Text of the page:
Philips

One of the easiest ways to start making your home smarter is with smart light bulbs and Philips’ Hue line are a good option. First, you can get white or color bulbs—while most will be happy with plain, ol’ white, color bulbs can be fun if you want to add personality to a room with color-changing light scenes.

Second, all Hue bulbs connect to a bridge that comes with most Hue starter packs. The bridge helps the lights communicate with each other and with your home Wi-Fi, which is how you control them. Using the Hue mobile app, you can turn on and off individual lights or entire rooms lights, dim them to your liking, and set schedules. You can have all the lights in your home come on before you arrive home from work, so you’re not walking into a dark house.

Third, Hue light bulbs connect to a bunch of other smart home systems like Works with Alexa, IFTTT, Apple HomeKit, the Google Assistant, and more. That means you can control your lights using voice commands or other smart commands that you customize. Not only are Hue lights an easy and affordable way to get into smart home tech, but they also make the lights in your home even more convenient to control on a regular basis.

Philips Hue White and Color starter set product image

Philips Hue White and Color starter set

(Ars Technica may earn compensation for sales from links on this post through affiliate programs.)

Zojirushi rice cooker

Zojirushi rice cooker.

Enlarge / Zojirushi rice cooker.
Zojirushi

I make a lot of rice and I’ve gone through at least two rice cookers in the process. After my last $25 rice cooker broke on me, I decided to invest in the Zojirushi NS-TSC10 Micom rice cooker and—this is not hyperbole—it’s changed my cooking life. Gone are the days of burnt or undercooked rice as Zojirushi’s magical machine has propelled me into a world where all kinds of rice are cooked to perfection every single time.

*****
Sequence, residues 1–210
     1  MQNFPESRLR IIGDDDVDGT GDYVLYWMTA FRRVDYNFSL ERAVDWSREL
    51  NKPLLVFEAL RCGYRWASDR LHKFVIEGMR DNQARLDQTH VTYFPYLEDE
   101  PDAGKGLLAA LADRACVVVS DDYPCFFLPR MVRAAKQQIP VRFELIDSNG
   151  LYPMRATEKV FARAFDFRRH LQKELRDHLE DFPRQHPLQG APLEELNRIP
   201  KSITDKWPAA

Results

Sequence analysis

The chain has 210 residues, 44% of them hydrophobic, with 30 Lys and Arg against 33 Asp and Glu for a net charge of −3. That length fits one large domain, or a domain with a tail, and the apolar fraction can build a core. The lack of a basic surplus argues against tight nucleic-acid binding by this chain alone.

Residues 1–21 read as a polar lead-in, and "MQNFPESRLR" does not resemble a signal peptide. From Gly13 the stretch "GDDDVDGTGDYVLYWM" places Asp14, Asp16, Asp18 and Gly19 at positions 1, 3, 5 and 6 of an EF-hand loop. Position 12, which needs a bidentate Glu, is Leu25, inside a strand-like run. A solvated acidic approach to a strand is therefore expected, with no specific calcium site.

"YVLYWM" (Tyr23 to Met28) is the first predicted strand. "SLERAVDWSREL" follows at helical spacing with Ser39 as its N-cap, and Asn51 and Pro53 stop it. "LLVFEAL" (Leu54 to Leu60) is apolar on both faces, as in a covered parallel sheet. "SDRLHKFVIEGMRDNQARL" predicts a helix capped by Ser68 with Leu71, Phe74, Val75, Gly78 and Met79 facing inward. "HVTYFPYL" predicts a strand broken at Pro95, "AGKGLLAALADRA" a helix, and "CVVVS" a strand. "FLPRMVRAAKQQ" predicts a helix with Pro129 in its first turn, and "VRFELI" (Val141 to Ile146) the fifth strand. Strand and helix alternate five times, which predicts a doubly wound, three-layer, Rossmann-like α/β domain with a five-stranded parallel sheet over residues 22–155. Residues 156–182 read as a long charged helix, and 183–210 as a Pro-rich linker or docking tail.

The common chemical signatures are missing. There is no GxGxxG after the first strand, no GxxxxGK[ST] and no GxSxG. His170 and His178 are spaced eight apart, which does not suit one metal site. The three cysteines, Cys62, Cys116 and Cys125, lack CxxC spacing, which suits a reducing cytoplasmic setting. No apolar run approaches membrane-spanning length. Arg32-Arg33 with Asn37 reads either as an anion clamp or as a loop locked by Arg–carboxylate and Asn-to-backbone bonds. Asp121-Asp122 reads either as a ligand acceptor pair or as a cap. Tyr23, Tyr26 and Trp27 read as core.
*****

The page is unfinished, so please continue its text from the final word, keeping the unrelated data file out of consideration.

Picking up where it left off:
I attribute this to actually reading the directions that come with the rice cooker. If you do this and follow the instructions, washing the rice before cooking and using the proper settings on the cooker itself, everything made in this machine will be tasty. In addition to rice, Zojirushi’s machine comes with a steaming basket for steaming vegetables and other foods, and it even has a cake setting.

But the machine truly shines make rice. You don’t have to guess how much water to include as the interior pot has indicators for that, and you don’t have to guess cooking times either. The machine senses how much rice and water you put into the pot and automatically sets the cooking time. All you have to do is wait for it to play a cute little jingle as soon as your rice is done and then experience rice heaven. I’ll never go back to a cheap rice cooker again, and I implore anyone who eats a lot of rice to consider a Zojirushi machine.

Zojirushi NS-TSC10 rice cooker product image

Zojirushi NS-TSC10 rice cooker

(Ars Technica may earn compensation for sales from links on this post through affiliate programs.)